inspections or require evidence of routine inspections to allow the vessel entry into ports under their
jurisdiction. Entry into port would not typically be allowed if there were deficiencies in this
equipment. Also, LNG carriers are generally guided into ports and restricted waterways by local
pilots with extensive experience in the port area. This reduces the likelihood of navigational failures
or human errors by normal tanker crews. Docking and departing of LNG tankers also generally
involve the use of harbor tugs to assist in maneuvering the LNG carrier. Also, in the United States,
LNG carrier arrivals and departures are subject to operational plans developed and enforced by the
cognizant USCG Marine Safety Office (MSO). These plans generally mandate safety zones and
restrict traffic in the area of any LNG tanker.
Segregation of Cargo Areas and Piping: The IGC Code requires that hold spaces (i.e., the
enclosed space in the ship structure where the cargo containment system is situated) be separated
from machinery and boiler spaces, accommodations, service spaces, control stations, chain lockers,
drinking and domestic water tanks, and stores. There are also specific requirements for segregation
of cargo piping systems from other piping systems in order to prevent the transfer of cargo or cargo
vapor into or through other piping systems. Appropriate locations for accommodations, service and
machinery spaces, and control stations are also defined in the IGC Code.

43

Accessibility for Inspection Access: In order to facilitate inspection of various structures and
equipment in gas carriers, the IGC Code requires arrangements that allow visual inspection of at least
one side of the inner hull structure and insulation located in hold spaces. Adequate access to cargo
tanks to allow internal inspection is also required. The ability to access these areas allows periodic
surveys and inspections to be performed in order to identify any damage or deterioration that has
occurred. This in turn helps any identified problems to be corrected before they become safety issues
for the vessel.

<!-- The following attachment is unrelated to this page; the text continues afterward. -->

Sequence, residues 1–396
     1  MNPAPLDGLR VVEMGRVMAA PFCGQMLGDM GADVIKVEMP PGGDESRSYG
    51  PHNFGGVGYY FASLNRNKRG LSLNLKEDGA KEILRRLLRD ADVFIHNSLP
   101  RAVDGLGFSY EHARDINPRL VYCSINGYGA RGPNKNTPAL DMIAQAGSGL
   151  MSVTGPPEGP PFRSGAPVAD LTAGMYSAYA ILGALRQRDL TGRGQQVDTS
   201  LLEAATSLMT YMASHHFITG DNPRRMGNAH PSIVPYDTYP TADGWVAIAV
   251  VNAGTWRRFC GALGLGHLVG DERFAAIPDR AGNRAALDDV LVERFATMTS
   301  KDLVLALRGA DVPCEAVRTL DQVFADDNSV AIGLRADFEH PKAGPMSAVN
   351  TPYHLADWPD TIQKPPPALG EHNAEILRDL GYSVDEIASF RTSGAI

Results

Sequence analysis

Leak Detection for Gas Carrier Hold Spaces: The IGC Code requires hold spaces and
insulation areas where cargo leakage could occur to be equipped with gas detection and low
temperature alarms.
Cargo Containment Design Requirements: The IGC Code mandates development of a cargo
containment design that addresses a design vapor pressure for the containment system that considers
the cargo vapor pressure and the maximum allowable relief valve setting. Also, the selection of
materials for cargo tank construction must be based on a defined minimum design temperature, and it
must be shown that the cargo tank temperature cannot be lowered below the design temperature.
Design loads for the cargo containment must be based on specific combinations of potential loads
(e.g., internal pressure, external pressure, dynamic loads due to ship motion, thermal loads, sloshing
loads, ship deflection loads, weight distribution).
Structural Analysis Requirements: The IGC Code mandates that structural analyses be
performed for each type of cargo containment design to address the specific loads of concern for that
type of cargo containment design. The IGC Code also defines the allowable stresses for independent
cargo tanks.
Secondary Barrier Provisions: LNG carriers built to the IGC Code require a secondary cargo
barrier. The design intent for the secondary barrier is to contain an envisaged leakage of liquid cargo
(generally for up to 15 days) to prevent lowering of the temperature of the ship structure to an unsafe
level. Membrane and Type A independent tanks require a full secondary barrier. Independent Type
B tanks (i.e., self-supporting tanks that are designed using model tests, refined analytical tools, and
analysis methods) only require a partial secondary barrier. In all cases, the vessel inner hull that is
adjacent to cargo tanks must be protected against contact from liquid cargo (e.g., either a full second
barrier or appropriate spray shield and routing of potential leakage).
Low Temperature Provisions: In addition to the requirements to handle envisaged leakage, the
IGC Code requires a combination of proper material selection, adequate insulation, and use of